|Ralph de la Torre, CEO|
R.I. judge clears sale of hospital to Steward
It would be Boston for-profit chain’s first deal outside of Mass.
A judge in Rhode Island ruled yesterday that Steward Health Care Systems LLC of Boston can move forward with negotiating a takeover of financially troubled Landmark Medical Center in Woonsocket, which has been in court-appointed receivership for the past three years.
Landmark had begun talking about a sale to Steward’s predecessor, Caritas Christi Health Care, in 2009, but the talks broke off in December without an agreement. The parties recently resumed negotiations and were working yesterday to finalize the terms of a buyout agreement that could be unveiled today.
If a deal is reached, it would need Rhode Island regulators’ approval and represent Steward’s first out-of-state acquisition.
The 8-month-old holding company is building a chain of for-profit community hospitals in Massachusetts and beyond under the direction of its ambitious chief executive, Ralph de la Torre.
Steward was created by Cerberus Capital Management, a private equity firm, to run the six Catholic hospitals in the Caritas system, which it bought last fall. The hospitals, including St. Elizabeth’s Medical Center and Carney Hospital in Boston, were converted from nonprofit to for-profit institutions.
Since then, Steward has purchased two more for-profit hospitals, Merrimack Valley Hospital in Haverhill and Nashoba Valley Medical Center in Ayer, and struck deals to buy two nonprofits, Morton Hospital and Medical Center in Taunton and Saints Medical Center in Lowell.
The talks with 214-bed Landmark had bogged down last year, partly because Steward’s executives were unable to negotiate higher payments from Blue Cross Blue Shield of Rhode Island, the state’s largest health insurer. Blue Cross and Steward still have not agreed on a new insurance contract for Landmark, and the insurer yesterday objected to the pace of Landmark’s talks with Steward.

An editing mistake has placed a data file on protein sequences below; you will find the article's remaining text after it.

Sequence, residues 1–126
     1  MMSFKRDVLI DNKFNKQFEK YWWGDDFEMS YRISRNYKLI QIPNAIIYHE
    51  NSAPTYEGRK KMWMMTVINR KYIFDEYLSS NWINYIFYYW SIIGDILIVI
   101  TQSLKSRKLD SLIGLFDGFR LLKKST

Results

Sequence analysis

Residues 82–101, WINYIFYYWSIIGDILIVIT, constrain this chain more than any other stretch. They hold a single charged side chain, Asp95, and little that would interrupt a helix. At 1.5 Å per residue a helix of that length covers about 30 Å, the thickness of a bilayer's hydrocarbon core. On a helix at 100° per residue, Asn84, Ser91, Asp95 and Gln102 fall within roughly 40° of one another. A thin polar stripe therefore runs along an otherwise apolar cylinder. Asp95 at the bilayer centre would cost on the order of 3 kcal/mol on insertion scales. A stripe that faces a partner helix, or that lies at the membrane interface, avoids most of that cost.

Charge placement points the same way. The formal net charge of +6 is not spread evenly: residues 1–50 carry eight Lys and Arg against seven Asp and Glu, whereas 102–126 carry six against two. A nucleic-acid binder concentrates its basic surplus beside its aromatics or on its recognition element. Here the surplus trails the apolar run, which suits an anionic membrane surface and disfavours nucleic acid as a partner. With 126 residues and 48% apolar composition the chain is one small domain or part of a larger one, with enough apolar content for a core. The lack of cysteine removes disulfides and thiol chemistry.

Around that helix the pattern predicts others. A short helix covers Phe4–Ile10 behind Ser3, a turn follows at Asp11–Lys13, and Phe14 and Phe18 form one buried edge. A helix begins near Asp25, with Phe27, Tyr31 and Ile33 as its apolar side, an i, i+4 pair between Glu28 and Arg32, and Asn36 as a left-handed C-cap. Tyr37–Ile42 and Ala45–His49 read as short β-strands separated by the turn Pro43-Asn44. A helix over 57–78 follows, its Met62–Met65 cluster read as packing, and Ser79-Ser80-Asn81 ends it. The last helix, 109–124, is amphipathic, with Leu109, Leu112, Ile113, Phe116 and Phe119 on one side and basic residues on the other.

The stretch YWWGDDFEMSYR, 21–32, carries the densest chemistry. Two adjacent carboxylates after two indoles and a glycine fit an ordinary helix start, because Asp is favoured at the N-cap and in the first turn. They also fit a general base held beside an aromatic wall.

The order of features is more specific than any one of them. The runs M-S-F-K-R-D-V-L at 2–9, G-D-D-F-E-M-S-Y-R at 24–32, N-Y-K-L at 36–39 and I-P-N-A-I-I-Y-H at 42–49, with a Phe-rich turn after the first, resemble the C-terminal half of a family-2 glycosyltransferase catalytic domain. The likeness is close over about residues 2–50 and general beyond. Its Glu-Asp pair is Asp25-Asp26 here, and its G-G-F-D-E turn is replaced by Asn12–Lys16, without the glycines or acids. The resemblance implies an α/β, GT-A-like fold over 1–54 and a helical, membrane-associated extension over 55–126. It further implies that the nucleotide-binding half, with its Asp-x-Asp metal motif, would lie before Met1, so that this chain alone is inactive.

Blue Cross, one of Landmark’s largest creditors, is owed $3 million by the Woonsocket hospital, said Kimberly Reingold, a spokeswoman for the insurer. Since the Landmark talks with Steward broke off last year, Blue Cross has been negotiating with several other potential buyers of the hospital, she said.
“There are a number of unresolved issues, including Steward negotiating a contract with us, as well as how Blue Cross Blue Shield of Rhode Island will be made whole on the $3 million in back debt that is owed to us,’’ Reingold said in a statement.
“Blue Cross Blue Shield of Rhode Island has been and remains willing to negotiate a fair and reasonable contract with any bidder, but we have not yet been approached on contract specifics since Steward reentered negotiations.’’
A Steward spokesman declined to discuss the Blue Cross statement or the negotiations with Jonathan Savage, the court-appointed special master bargaining on behalf of Landmark. A spokesman for Savage did not return phone calls.
Another issue is whether Landmark would remain a secular hospital or be converted to a Catholic hospital. During the earlier talks with Caritas, the Boston hospital system had said it planned to convert the Woonsocket hospital into a Catholic institution. Steward has maintained the Catholic identity of the former Caritas hospitals but has also purchased secular hospitals without converting them.
A Rhode Island Superior Court judge, Michael A. Silverstein, who must rule on any takeover of Landmark, has considered at least three potential buyers besides Steward. But he decided yesterday that only the Boston company met all of his criteria.
If a deal goes through, Landmark would be the state’s first for-profit hospital.
Robert Weisman can be reached at firstname.lastname@example.org.